An interesting case involving a Texas oil and gas lease was decided recently by the Texas Court of Appeals in El Paso. The case was Community Bank of Raymore v. Chesapeake Exploration LLC and Anadarko Petroleum Corporation. The issue was whether the lessee’s right to extract minerals found deeper than the stratum or level below the deepest producing well in a particular unit terminated when the lease’s primary term expired.
The oil and gas lease in question covered 16,000 acres, split into four blocks, located in Loving County, Texas. In Block 2 of the leased area, Chesapeake Exploration drilled 13 wells, the deepest of which was at 5,672 feet when the primary term of the lease expired on January 26, 2010. Community Bank of Raymore (“CBR”) requested that Chesapeake release its mineral rights below the depth of the deepest well, but Chesapeake refused. CBR file suit for breach of the lease.
CBR argued that the Pugh clause applied, which terminates an oil and gas lease at the end of the primary term as to any portion of the leased land which is not being produced. Chesapeake disagreed, relying on the continuous development clause, saying the Pugh clause was thus never triggered because Chesapeake developed Block 2 and paid royalties from existing wells in that block. Chesapeake said that its continued development of Block 2 was “sufficient to maintain the undeveloped, deep-lying formations beyond the primary term and satisfy the lease’s continuous development requirement.”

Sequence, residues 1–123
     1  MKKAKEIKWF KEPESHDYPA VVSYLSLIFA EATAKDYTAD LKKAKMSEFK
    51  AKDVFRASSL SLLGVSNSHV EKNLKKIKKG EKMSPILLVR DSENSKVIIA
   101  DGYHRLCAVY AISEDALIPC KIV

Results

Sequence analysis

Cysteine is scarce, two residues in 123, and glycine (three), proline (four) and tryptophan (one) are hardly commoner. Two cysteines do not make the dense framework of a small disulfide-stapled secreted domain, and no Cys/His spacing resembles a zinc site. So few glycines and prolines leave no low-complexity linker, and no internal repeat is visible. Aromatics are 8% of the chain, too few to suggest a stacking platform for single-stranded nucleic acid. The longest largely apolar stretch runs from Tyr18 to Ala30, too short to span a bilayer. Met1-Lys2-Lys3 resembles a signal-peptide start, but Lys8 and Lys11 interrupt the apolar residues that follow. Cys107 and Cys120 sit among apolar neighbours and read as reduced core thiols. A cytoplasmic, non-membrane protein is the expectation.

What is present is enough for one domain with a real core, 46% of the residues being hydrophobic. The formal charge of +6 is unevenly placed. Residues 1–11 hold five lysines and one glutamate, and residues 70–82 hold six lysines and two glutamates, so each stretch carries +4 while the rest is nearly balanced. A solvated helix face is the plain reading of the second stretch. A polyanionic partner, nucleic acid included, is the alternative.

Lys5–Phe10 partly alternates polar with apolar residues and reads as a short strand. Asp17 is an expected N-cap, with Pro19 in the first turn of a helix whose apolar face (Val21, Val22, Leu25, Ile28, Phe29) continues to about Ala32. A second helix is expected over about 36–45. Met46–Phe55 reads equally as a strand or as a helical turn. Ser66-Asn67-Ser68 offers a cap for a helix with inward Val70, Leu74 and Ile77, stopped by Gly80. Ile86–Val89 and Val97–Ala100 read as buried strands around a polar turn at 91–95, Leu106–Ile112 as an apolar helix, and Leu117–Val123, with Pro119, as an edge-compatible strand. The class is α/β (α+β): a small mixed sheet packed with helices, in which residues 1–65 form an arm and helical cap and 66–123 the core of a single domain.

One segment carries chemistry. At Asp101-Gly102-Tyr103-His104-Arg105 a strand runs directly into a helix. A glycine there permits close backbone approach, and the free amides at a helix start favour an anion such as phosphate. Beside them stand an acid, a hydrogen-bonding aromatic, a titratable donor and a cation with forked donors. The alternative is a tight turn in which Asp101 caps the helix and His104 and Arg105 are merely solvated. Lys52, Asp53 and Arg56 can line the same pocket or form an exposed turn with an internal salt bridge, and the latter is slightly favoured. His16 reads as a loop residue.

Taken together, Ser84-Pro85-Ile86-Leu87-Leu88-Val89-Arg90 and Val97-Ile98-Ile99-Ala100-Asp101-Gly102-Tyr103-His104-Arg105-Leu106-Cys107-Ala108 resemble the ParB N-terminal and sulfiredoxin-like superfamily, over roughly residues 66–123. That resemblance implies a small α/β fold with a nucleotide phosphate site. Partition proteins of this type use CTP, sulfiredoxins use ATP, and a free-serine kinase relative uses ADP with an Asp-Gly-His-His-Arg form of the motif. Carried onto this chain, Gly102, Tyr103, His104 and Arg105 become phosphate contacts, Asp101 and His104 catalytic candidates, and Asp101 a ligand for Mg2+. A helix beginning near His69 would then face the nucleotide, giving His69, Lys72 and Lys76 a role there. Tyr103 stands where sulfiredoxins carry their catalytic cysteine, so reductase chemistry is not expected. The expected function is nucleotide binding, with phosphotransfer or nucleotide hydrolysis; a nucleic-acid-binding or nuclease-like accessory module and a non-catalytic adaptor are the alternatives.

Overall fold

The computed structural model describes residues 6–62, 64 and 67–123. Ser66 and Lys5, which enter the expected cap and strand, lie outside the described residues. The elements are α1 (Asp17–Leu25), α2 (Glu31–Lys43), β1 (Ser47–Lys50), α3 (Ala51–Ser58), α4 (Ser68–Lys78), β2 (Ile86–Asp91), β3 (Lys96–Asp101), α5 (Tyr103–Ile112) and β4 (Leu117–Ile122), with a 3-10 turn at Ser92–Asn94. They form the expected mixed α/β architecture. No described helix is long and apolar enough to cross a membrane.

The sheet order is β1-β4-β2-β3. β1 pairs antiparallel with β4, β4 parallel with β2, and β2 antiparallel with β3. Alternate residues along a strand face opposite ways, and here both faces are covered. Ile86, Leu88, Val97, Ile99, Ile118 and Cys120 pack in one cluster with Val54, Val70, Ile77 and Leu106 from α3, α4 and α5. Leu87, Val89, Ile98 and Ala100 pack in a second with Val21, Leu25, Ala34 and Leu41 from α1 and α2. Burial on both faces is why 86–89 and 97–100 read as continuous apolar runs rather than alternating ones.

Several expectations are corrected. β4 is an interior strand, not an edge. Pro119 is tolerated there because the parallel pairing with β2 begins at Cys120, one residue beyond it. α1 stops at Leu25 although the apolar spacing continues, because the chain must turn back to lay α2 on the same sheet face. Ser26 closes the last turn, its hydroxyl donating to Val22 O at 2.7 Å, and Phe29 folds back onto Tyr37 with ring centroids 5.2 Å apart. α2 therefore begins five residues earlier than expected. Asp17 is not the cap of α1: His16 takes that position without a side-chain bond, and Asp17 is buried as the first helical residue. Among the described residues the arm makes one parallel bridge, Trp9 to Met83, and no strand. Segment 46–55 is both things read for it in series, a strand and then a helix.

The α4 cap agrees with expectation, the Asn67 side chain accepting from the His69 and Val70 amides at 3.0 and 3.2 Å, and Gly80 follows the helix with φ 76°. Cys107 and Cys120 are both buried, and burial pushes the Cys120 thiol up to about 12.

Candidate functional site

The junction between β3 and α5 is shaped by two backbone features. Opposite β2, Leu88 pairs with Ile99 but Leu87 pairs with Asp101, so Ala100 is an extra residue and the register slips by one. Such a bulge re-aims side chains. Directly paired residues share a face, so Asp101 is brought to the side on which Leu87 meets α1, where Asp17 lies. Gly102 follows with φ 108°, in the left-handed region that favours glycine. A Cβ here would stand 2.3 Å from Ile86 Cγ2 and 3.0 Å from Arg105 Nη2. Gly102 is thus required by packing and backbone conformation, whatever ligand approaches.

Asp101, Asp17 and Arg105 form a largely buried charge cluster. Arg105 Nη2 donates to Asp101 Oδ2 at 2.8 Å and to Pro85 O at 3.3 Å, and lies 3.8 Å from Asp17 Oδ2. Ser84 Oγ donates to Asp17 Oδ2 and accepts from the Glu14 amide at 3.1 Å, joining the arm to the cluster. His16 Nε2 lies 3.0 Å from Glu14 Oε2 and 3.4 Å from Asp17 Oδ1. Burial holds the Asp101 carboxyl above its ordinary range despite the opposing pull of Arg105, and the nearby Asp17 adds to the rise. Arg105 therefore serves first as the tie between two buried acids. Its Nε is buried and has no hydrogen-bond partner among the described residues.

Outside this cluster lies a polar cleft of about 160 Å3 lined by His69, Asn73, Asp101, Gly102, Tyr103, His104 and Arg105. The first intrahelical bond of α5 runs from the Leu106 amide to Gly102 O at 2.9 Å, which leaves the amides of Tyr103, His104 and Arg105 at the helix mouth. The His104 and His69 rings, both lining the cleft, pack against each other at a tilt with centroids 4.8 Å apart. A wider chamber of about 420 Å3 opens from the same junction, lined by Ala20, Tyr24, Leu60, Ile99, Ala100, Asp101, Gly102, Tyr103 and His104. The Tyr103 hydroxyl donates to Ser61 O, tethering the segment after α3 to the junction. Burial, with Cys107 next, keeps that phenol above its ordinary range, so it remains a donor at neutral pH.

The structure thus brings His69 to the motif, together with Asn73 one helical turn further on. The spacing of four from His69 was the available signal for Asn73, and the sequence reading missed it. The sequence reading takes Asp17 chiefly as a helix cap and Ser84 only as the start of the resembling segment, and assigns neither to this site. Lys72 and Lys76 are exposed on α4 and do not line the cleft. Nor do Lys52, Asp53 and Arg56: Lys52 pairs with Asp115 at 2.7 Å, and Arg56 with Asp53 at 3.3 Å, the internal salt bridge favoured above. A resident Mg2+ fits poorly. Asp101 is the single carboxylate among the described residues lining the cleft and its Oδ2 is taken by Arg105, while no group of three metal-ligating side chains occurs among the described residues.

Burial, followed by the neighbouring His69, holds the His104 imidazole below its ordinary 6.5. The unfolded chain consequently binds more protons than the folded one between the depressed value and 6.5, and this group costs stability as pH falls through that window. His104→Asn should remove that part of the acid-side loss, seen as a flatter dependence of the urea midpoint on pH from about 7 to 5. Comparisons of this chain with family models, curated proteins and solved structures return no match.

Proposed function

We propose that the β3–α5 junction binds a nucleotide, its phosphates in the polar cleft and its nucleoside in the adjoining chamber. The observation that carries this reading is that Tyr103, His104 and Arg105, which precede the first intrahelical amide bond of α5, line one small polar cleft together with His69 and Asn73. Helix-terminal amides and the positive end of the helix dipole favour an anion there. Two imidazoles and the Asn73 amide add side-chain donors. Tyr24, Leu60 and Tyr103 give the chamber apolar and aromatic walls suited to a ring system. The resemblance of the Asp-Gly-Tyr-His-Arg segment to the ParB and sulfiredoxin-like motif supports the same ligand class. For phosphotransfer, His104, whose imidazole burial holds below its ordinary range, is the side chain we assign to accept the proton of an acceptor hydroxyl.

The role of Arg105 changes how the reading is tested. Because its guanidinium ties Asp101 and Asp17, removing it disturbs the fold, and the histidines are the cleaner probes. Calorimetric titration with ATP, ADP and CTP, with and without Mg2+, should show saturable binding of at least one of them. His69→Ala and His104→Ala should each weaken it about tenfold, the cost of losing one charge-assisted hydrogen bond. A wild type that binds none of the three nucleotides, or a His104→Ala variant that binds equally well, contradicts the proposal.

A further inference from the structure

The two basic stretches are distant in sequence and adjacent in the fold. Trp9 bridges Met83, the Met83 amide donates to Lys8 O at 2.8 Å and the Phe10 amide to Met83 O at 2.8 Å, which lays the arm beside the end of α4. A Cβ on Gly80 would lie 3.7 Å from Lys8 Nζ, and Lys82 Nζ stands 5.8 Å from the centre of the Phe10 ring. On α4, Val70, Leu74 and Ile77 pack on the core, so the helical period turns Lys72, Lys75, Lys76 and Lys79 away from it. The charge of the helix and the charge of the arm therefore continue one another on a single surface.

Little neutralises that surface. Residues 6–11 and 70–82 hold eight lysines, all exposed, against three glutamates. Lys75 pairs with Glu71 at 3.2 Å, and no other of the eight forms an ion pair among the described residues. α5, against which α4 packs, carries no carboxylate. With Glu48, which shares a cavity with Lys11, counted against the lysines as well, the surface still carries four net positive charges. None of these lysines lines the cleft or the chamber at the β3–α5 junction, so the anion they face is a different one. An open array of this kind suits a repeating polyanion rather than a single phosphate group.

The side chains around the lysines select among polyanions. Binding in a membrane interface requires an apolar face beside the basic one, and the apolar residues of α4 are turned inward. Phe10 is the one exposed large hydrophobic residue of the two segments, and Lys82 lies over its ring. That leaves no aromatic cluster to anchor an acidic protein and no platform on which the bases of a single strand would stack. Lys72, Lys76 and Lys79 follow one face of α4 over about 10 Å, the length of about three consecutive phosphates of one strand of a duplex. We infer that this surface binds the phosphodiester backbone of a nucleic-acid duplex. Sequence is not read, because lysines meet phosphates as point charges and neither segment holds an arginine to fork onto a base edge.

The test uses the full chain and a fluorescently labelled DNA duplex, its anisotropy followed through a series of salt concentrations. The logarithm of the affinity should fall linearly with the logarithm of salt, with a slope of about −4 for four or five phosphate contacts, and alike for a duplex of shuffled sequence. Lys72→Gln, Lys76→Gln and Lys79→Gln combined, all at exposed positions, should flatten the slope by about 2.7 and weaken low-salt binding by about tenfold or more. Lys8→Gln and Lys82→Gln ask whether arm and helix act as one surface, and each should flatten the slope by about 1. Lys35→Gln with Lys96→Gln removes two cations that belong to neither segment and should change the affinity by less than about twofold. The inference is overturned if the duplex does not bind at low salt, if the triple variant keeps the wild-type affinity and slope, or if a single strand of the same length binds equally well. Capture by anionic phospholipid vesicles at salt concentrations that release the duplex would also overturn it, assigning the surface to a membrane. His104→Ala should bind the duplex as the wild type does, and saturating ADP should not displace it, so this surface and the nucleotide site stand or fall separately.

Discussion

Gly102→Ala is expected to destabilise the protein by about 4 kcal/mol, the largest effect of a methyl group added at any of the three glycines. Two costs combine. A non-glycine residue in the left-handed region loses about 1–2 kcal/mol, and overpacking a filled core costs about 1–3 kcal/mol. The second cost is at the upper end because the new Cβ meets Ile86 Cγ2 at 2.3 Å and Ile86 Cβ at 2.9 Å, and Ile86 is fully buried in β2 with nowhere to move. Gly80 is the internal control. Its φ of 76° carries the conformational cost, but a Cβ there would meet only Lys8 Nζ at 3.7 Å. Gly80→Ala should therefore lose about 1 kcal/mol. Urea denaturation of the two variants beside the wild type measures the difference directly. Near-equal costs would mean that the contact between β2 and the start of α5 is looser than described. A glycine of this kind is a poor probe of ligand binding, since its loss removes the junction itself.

The trial court decided for Chesapeake and said that “there has been no partial termination of the [lease]” and that the “[lease] . . . remains valid and in effect as to all of the Leased Lands in Block 2 . . . so long as [Chesapeake] engages in a continuous development program with no lapse in the time period provided.”
The Texas Court of Appeals, in a decision written by Justice Yvonne Rodriguez and joined by Chief Justice Ann Crawford McClure and Justice Guadalupe Rivera, affirmed the decision of the trial court. The Court of Appeals reasoned that the Pugh clause never sprung into life, because that clause has no effect until either the end of the primary lease term or the conclusion of the continuous development program. No cessation of the continuous development had occurred, so the Pugh clause never applied. The Court of Appeals found no merit in CBR’s contention that at the end of the primary lease term, the lease’s severance clause was triggered. The severance clause in this particular lease did not apply, again due to the continuous development clause.
This is an interesting case for mineral owners because it shows the interplay between the Pugh clause and the continuous development clause, which, because of the language of this lease, overrode the Pugh clause. It will be interesting to see if this case goes to the Texas Supreme Court, and if so what will be decided, as it could be a significant case for both oil and gas lease lessors and lessees in Texas.
It is critical to remember that the decision in this case was based on the precise language of this particular lease. There is no such thing as a “standard oil and gas lease” in Texas, therefore, the results may differ if this question comes up in connection with your lease. If you are ever presented with this kind of question in connection with your mineral interests, it is wise to seek the input of an experienced Texas oil and gas attorney.
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